Topic Overview

Acetaminophen (such as Tylenol) reduces fever and relieves pain. It does not reduce inflammation, as do non-steroidal anti-inflammatory drugs (NSAIDs) such as aspirin and ibuprofen, but it is less likely to cause stomach upset and other side effects.

Be sure to follow the non-prescription medicine precautions.


    • Adults and Children over 12 years of age: The usual dose is 325 mg to 650 mg. Take every 4 to 6 hours, as needed. The maximum dose may vary from 3,000 mg to 4,000 mg but do not take more than 4,000 mg in a 24-hour period. If you are pregnant or breastfeeding, ask a healthcare professional before use. Follow all instructions on the label.
    • Children 11 years and younger: Give acetaminophen every 4 to 6 hours as needed. Do not give more than 5 doses in a 24-hour period. Dosages are based on the child's weight. There are different acetaminophen products for infants and children.
      • Acetaminophen can be found in many forms and comes in different doses.
      • Be safe with medicines. Read and follow all instructions on the label.
      • Do not give your child more than the maximum dose recommended on the label.
      • Be careful when taking over-the-counter cold or flu medicines and acetaminophen (Tylenol) at the same time. Many of these medicines already contain acetaminophen. Too much acetaminophen can be harmful.
      • If you give medicine to your baby, follow your doctor's or pharmacist's advice about what amount to give. Do not use acetaminophen if your child is allergic to it.
      • Acetaminophen and ibuprofen are different products with different dosing recommendations. Talk to your child's doctor or a pharmacist before switching back and forth between doses of acetaminophen and ibuprofen. When you switch between two medicines, there is a chance your child will get too much medicine. Studies have not shown any added benefit from alternating these medicines.
      • Talk to your doctor or a pharmacist before you give medicine to reduce a fever in a baby who is 3 months of age or younger. This is to make sure a young baby's fever is not a sign of a serious illness. Fevers sometimes occur as a reaction to immunizations.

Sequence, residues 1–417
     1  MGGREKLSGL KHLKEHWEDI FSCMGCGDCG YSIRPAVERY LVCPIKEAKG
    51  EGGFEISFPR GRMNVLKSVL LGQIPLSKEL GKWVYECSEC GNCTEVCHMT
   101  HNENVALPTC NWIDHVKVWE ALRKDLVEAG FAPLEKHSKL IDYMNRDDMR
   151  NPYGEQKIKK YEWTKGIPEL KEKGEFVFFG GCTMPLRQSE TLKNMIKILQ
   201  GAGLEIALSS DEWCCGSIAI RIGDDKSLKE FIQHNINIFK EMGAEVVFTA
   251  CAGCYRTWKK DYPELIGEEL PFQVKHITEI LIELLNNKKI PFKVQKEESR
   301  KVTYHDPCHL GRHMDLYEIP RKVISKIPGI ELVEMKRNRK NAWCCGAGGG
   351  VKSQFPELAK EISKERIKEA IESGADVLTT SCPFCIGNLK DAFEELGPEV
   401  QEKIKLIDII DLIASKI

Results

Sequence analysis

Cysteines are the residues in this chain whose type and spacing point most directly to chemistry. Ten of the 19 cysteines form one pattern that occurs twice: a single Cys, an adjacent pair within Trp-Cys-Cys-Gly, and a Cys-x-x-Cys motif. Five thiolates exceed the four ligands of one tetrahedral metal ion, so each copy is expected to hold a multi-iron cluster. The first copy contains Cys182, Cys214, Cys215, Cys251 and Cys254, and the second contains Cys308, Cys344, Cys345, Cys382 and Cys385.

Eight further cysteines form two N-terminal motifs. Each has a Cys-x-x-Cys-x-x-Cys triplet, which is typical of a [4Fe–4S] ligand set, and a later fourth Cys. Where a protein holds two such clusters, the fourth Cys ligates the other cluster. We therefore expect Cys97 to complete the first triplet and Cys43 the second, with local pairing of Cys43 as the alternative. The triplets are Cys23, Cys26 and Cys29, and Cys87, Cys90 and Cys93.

• See Acetaminophen Use in Young Children for more information.
Acetaminophen dose for your child's weight

Child's weight in kilograms

Child's weight in pounds

Dose in milligrams

Less than 5.4

Less than 11.0

Ask a doctor or a pharmacist



80 mg



120 mg



160 mg



240 mg



320 mg



400 mg



480 mg

Side effects of acetaminophen are rare if it is taken in correct doses.

    • High doses of acetaminophen can cause liver and kidney damage.

Reasons not to take acetaminophen

    • Ask a doctor before taking acetaminophen if you have liver or kidney disease or if you take blood thinning medication that contains warfarin. 
    • If you are taking acetaminophen it is best to limit or avoid consuming alcohol. Acetaminophen may cause severe or even fatal liver damage if you consume 3 or more drinks a day for men or 2 or more drinks a day for women.
    • Stop using acetaminophen and contact your doctor if your pain lasts for more than 5 days or a fever lasts more than 3 days.  


Adaptation Date: 11/5/2019

Adapted By: HealthLink BC

Adaptation Reviewed By: HealthLink BC

Is it an emergency?

If you or someone in your care has chest pains, difficulty breathing, or severe bleeding, it could be a life-threatening emergency. Call 9-1-1 or the local emergency number immediately.
If you are concerned about a possible poisoning or exposure to a toxic substance, call Poison Control now at 1-800-567-8911.

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